- September 19, 2012
- Posted by: admin
- Category: Media & Broadcasting
There is still much to be done before South Africa can begin its migration from analogue to digital broadcasting, according to E-TV
There is still much to be done before digital terrestrial television (DTT) set-top boxes (STBs) will be ready for use by the general public, E-TV’s chief operating officer Bronwyn Keene-Young, recently told the South Gauteng High Court.
Keene-Young had filed an affidavit on behalf of E-TV which is disputing the legality of a decision made by the Minister of Communications, Dina Pule.
The dispute centres around Pule making Sentech responsible for the conditional access system on STBs, while E-TV said that the STB control system should fall to them and the SABC.
Every household in South Africa using an aerial to receive their TV signal will need an STB to receive the new digital terrestrial broadcast.
While it is expected that TVs will eventually have digital (specifically DVB-T2) tuners built-in, in the interim the STB will be the only way to receive the digital broadcast.
However, there is still much that needs to be done before STBs are in the hands of the general public, Keene-Young said in her argument to hasten the High Court action.
After the dispute between E-TV and the Minister is settled, Keene-Young said the following still needs to happen:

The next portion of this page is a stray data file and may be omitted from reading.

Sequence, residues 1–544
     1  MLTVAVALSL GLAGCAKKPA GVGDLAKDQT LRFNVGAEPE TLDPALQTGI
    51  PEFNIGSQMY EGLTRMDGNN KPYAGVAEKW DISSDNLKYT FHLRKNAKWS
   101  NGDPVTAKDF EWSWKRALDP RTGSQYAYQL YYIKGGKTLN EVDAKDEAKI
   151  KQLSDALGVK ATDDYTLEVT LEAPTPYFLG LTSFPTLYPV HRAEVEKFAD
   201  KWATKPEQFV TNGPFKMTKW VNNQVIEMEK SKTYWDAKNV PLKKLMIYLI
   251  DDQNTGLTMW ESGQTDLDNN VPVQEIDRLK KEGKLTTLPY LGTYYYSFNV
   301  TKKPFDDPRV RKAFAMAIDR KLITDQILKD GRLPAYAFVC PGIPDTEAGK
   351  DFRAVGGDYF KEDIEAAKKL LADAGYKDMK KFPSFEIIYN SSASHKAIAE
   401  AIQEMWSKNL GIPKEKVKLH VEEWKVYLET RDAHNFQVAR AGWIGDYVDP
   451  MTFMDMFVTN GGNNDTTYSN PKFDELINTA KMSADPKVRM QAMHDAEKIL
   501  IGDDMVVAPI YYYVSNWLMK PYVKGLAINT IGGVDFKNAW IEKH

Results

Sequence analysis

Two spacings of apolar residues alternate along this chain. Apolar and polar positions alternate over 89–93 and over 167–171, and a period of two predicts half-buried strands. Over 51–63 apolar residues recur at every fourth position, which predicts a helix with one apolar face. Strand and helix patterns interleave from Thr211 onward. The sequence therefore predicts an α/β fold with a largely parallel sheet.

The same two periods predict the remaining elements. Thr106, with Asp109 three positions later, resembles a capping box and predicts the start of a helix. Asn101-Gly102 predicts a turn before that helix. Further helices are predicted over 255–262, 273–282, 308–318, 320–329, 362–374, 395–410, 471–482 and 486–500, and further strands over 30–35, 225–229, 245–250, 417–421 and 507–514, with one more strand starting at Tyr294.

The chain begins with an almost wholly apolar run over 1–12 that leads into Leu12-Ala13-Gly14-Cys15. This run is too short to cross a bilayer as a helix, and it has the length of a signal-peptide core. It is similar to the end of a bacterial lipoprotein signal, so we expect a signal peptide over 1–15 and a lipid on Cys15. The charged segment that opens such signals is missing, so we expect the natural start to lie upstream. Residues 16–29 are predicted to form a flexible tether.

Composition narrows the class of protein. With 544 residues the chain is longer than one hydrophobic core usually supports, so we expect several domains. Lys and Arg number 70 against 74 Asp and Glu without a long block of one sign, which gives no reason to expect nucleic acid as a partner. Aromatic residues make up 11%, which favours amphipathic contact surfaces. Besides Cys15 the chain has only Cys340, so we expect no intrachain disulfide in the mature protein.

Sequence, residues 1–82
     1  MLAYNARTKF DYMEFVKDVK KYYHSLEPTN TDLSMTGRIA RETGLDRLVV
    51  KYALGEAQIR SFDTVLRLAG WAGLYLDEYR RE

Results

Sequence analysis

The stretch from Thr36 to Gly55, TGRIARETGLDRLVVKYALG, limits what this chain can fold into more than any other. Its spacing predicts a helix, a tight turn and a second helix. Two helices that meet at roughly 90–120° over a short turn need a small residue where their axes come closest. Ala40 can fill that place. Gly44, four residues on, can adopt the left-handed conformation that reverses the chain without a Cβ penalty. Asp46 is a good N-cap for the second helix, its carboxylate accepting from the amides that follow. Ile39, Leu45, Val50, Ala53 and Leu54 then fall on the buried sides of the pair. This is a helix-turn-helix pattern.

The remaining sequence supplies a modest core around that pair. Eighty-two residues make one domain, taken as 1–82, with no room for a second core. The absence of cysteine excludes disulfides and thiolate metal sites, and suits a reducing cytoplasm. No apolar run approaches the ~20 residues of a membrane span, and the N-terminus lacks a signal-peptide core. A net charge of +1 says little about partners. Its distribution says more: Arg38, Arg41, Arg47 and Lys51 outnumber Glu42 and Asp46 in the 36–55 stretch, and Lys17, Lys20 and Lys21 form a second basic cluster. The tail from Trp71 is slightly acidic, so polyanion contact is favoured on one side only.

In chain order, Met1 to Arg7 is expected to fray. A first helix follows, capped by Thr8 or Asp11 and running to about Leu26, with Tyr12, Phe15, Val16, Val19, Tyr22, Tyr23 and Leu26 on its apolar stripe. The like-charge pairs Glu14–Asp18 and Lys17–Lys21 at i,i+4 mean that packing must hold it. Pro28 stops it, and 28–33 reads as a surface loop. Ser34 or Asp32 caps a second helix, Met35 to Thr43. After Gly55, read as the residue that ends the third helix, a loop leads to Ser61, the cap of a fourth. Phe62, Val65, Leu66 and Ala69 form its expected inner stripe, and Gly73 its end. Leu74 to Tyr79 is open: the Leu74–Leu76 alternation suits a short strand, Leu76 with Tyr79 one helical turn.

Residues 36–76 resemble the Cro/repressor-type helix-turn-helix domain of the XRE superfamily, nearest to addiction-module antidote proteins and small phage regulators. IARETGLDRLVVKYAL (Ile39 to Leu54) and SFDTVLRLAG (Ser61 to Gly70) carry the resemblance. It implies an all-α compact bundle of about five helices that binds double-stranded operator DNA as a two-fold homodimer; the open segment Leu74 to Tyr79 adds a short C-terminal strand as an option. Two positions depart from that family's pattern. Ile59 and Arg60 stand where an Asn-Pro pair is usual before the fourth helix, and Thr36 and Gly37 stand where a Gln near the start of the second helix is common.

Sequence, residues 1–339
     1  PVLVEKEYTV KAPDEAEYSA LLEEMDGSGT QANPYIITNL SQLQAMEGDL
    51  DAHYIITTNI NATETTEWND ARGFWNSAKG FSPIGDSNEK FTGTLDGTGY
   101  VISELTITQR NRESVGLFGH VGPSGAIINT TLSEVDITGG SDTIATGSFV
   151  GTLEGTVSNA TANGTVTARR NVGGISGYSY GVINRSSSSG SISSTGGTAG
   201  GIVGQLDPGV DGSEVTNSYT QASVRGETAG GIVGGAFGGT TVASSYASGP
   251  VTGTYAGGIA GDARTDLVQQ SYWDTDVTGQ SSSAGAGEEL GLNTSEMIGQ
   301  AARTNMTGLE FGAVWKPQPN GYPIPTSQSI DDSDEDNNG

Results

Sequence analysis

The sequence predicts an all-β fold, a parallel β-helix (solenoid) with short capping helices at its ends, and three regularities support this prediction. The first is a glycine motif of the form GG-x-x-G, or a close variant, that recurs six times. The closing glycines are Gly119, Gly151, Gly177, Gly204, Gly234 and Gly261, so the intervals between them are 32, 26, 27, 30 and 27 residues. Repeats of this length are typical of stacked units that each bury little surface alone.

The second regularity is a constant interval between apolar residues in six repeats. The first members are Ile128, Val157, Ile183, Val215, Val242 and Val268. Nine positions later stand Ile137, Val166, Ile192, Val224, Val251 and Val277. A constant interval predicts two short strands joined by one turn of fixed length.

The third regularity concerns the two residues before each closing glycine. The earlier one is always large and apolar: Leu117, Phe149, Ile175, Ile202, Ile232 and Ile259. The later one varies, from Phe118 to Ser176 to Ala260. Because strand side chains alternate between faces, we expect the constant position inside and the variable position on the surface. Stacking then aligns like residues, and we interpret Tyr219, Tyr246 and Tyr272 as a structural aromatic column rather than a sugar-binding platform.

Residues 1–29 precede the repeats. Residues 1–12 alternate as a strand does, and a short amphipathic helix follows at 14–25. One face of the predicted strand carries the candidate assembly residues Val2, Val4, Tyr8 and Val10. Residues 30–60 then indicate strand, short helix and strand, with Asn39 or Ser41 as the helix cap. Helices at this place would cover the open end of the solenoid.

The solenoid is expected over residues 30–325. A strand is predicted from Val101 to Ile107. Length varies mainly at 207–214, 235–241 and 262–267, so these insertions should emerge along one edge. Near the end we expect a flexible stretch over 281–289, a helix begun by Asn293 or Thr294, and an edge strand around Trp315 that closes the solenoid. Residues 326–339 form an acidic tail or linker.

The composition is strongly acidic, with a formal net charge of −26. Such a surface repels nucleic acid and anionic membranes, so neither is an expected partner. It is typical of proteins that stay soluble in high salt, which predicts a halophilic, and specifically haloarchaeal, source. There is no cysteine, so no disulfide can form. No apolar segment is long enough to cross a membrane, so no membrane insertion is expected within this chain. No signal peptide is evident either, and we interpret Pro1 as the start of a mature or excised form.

The tender for government-subsidised STBs, which closed on 14 September 2012, needs to be evaluated and awarded;
Contracts with successful companies must be negotiated;
Commencement of manufacturing for 5 million government-subsidised STBs, including creation of the necessary technology and infrastructure, and the training of staff. This alone will take 6–9 months;
Distribution of government-subsidised STBs to the South African Post Office, from where they can be bought;
Design and implementation of means-based subsidy programme to determine which people receive subsidised STBs;
Distribution and installation of STBs in people’s homes;
Media campaigns necessary to educate the public about all of the above.
No migration means less wireless broadband
Roy Kruger, technical adviser to the Department of Communications, previously told the Select Committee on Labour and Public Enterprises that they were aiming to launch the first phase of SA’s migration on 26 and 27 September 2012.
It isn’t clear whether E-TV’s action against Pule will delay these plans. When asked the DoC said:
The Department is continuing with the work to prepare the country for the for digital broadcasting services working with all of our stakeholders.
The implications of the delays in the digital migration, is a delay in the release of the “digital dividend”.
This is the name given to the region of spectrum occupied by analogue TV broadcasts that will be freed for services such as mobile broadband.
In South Africa in particular, ICASA has earmarked the digital dividend for use in wireless broadband roll-outs.
Source: My broadband – Jan Vermeulen